That jolt you feel when looking at the price of lithium batteries could cost you real money.
Look, I get it. The price of lithium batteries seems crazy when compared to the same number of alkaline batteries. When you're standing in the store holding the two packages in your hand, why on earth would you select the one that costs twice as much?
Actually, there are several good reasons to choose lithium batteries, especially for trail cameras and hunting flashlights.
Let's start with that nasty cost topic. While lithiums average twice the price of comparable alkalines, they last up to three times as long. In other words, you'll go through two or three sets of alkalines in your camera for each set of lithiums you use. At worst, you'll get about equal cost per hour of run time, and at best you'll get about 30% more run time per dollar spent.
In addition to the cost benefits, lithiums offer a strong list of other advantages for your trail cameras and gear.
First off, lithiums are less likely to leak and damage your equipment than alkalines. I've lost several trail cameras to leaking alkalines, and it still makes me grind my teeth when I think about it.
Next, lithiums run at a strong, constant current pretty much right up until they die. That's important for high-end cameras that rely on a steady current to function correctly. Alkalines, on the other hand, weaken over time. Think about a tape player that slows down (if you're old enough to remember tape players) or a flashlight that gets dimmer as the batteries get used up. You don't want to be trailing a buck in the dark only to have your flashlight get dimmer and dimmer as you track.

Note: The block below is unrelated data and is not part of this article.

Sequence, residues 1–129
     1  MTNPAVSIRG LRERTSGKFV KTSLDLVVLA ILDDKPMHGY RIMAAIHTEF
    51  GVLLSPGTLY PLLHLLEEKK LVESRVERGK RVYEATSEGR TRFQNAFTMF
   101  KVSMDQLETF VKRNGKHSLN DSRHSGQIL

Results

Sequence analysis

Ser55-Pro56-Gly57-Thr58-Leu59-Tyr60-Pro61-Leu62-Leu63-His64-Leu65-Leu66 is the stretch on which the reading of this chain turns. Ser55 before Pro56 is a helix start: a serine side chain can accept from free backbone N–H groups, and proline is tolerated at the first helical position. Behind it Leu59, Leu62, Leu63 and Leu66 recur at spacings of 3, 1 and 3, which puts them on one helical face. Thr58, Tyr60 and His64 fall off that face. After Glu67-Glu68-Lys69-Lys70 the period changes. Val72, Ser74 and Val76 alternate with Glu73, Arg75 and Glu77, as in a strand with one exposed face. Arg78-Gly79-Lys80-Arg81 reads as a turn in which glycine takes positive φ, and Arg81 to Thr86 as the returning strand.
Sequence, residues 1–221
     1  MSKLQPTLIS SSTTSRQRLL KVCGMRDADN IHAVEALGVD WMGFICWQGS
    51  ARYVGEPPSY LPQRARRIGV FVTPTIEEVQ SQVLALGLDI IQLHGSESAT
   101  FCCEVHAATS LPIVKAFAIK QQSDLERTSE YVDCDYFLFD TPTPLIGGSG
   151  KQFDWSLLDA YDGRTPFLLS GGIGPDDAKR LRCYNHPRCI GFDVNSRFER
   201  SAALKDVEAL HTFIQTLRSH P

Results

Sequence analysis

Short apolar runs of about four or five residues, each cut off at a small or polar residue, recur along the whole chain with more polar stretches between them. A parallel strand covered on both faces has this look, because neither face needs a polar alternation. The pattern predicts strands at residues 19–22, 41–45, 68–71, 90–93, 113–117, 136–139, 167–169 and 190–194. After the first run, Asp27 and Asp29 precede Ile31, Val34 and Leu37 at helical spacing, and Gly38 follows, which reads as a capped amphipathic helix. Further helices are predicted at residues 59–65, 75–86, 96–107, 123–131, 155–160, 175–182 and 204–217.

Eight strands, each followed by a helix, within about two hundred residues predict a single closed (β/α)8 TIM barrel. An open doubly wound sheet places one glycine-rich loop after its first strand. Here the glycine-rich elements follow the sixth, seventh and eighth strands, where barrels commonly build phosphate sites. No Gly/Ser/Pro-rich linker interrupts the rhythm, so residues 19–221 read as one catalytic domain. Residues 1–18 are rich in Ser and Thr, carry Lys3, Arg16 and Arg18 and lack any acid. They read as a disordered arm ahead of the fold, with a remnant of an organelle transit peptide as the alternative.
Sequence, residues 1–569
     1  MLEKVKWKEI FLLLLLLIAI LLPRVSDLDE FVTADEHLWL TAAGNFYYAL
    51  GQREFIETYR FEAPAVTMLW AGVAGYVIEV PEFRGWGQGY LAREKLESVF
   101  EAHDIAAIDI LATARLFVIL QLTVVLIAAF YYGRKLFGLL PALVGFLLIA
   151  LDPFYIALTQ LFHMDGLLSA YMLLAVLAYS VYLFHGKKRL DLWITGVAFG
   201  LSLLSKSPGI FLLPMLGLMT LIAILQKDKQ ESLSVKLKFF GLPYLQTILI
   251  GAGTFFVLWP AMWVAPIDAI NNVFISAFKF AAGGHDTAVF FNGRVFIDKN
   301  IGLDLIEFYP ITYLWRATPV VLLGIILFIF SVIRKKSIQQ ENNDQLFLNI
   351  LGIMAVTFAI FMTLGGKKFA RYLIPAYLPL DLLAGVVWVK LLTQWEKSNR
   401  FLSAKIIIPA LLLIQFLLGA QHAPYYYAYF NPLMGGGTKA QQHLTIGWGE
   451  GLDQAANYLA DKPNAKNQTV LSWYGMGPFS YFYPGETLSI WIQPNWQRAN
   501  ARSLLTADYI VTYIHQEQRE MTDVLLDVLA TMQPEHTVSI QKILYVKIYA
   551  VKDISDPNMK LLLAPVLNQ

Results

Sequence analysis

In addition, lithiums handle storage well, meaning if you don't use your light for a long period of time, you can count on it working when you need it, even if you haven't turned it on for several years.
Finally, lithium batteries handle temperature extremes better than alkalines. Lithiums continue to function well between -40 and 140 degrees, while alkalines function between 0 and 130 degrees.
Because they store so well, start buying lithiums now. Purchase a set each payday up until hunting season so you don't have to shell out all that cash at one time when get ready to place your cameras.
If it makes you feel better to know you're spending your money wisely, run identical cameras on the two types of batteries to see which costs more per day to use.
In response to last week's tip about getting deer pee scent out of a vehicle, Buckmasters life member Domenic Basile said he uses an ozone machine to remove odors and keep his truck smelling fresh.
Domenic said, "They can be rented or borrowed. Just place the machine in the vehicle for an hour or two. This should eliminate the odor."
If you use an ozone unit in your vehicle, please follow the instructions carefully. Also, don't sit in the vehicle while the ozone unit is running. There are low-level ozone units on the market that are designed to be used while people are in the vehicle, but that is not the type of unit Domenic recommended for stink removal.
Further, the effectiveness of any ozone treatment would be increased by removing as much of the offending spill as possible prior to treatment.